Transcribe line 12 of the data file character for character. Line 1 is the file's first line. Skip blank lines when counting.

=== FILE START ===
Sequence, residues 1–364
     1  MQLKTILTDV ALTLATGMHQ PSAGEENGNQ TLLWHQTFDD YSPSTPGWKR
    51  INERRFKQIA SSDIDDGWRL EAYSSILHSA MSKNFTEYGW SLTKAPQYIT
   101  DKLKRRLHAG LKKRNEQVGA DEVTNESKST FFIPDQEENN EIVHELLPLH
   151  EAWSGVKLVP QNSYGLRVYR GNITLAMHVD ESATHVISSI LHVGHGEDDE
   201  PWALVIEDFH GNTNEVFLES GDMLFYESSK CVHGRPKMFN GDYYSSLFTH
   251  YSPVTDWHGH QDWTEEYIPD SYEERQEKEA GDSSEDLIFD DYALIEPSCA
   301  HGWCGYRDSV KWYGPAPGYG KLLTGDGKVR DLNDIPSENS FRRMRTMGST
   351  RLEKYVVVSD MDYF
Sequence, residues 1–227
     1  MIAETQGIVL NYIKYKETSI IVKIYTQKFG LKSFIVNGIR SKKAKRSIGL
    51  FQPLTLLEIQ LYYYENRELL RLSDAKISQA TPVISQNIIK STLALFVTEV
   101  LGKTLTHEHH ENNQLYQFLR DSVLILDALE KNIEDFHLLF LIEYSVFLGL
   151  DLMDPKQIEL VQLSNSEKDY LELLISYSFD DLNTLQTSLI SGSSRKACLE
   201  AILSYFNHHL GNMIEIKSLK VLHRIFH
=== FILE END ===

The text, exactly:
    51  FQPLTLLEIQ LYYYENRELL RLSDAKISQA TPVISQNIIK STLALFVTEV